Photography has been around since 1839 when Louis Daguerre fixed up the work of Nicéphore Niépce who in turn, was attempting to fix the issues his predecessors had come upon when trying to capture images with light. Daguerre developed what is known as the daguerreotype process—which was the first photographic process that could be viably used for practical or commercial purposes. Whether it is traditional photography or our favorite—light photography, there is some qualities that certainly separate good photos from bad ones.

Is the Photo Clear?

Many people can get caught up in taking breathtaking, powerful photos that elicit strong emotions and maybe define the times we live in. We can argue symbolism, scope, composition and all manner of things, so much so that it’s easy to forget the simplest thing: is the photo clear, or blurry? The bane of the amateur photographer is capturing a precious moment or taking a photo that would be immaculate if it were not for the fact that the camera went out of focus or the photographer has shaky hands!

The first step to mastering any art form is to first get a good technical foundation that allows you to properly express yourself when inspiration strikes. Photography is no different, being able to focus on the right things in the frame and using lighting to your advantage are all things that are easy to understand but hard to master.

Excellent Composition

Some common compositional techniques include manipulating depth of space, using negative space, symmetry, and framing the shot. I mentioned framing the shot last but it’s really the foundational compositional technique that makes a photo in the most basic sense, good. An obvious example of poor framing is attempting to take a picture of an object or subject and unintentionally cutting off a portion of it/them. More complex framing involves the juxtaposition of elements to create a meaningful contrast.

rule of two thirds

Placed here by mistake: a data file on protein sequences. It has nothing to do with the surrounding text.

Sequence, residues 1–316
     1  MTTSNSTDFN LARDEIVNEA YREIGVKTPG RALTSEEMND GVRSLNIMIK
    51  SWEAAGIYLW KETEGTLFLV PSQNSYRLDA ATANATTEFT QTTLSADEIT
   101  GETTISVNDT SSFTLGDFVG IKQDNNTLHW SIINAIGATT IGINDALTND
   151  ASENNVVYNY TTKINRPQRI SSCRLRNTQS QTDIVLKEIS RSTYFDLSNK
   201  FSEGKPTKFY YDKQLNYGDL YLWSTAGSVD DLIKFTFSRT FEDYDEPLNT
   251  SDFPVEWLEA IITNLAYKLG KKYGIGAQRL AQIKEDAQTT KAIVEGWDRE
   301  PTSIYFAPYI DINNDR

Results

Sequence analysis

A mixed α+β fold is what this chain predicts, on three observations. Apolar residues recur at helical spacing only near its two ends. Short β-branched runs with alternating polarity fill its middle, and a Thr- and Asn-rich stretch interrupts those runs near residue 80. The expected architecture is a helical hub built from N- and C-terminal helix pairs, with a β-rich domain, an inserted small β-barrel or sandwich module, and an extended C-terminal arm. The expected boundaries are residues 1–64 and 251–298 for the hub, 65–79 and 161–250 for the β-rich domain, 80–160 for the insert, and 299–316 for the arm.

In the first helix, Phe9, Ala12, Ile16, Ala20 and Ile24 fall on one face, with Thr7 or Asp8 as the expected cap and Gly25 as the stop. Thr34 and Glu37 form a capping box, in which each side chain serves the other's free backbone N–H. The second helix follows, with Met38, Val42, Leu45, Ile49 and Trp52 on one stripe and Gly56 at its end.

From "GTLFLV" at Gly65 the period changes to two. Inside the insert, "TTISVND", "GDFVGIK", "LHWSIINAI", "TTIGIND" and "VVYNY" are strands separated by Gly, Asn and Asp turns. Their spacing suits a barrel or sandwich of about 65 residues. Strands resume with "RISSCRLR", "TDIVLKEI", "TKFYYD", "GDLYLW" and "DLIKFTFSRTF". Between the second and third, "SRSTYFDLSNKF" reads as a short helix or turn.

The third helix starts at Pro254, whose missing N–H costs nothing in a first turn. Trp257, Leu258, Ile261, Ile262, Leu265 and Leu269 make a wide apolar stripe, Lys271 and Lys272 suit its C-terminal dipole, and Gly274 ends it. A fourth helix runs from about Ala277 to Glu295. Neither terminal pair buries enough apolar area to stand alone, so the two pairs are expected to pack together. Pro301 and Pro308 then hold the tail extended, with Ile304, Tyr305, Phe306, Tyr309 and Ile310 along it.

A popular technique is called the rule of two thirds. This rule is when a photo is framed in such a way that the object/subject is positioned at the intersection where the horizontal plane meets the vertical plane at two thirds. Typically, the scenery will span the entire width of the shot, and the subject or object will be positioned two-thirds of the way up to create a striking composition.

Storytelling, Candidness & Emotions

These three are grouped together because they often go together. Most people are not splendidly good actors or actresses, and thus candid shots always end up being the best. There is no performative aspect, the subject is capture quite literally in the moment. These photos tend to be the most genuine and if you ask anyone when choosing the best pictures from a night out or a party, the best photos tend to be the ones that tell the story of the night. Seldom are these photos one in which people line up or pose.

Boca Raton Photographers

Out of all those things, the most important is the last: emotions. At Shot In The Dark LLC, we firmly believe that the best part of our job as photographers is the moment in which you see the photo. That moment where a smile creeps over your face or your jaw drops—we live for that moment. We think photography should inspire you and leave a sense of awe. That’s why we love light photography and spend every day perfecting our craft. If you’d like to book a shoot, contact us here and let’s get started making memories!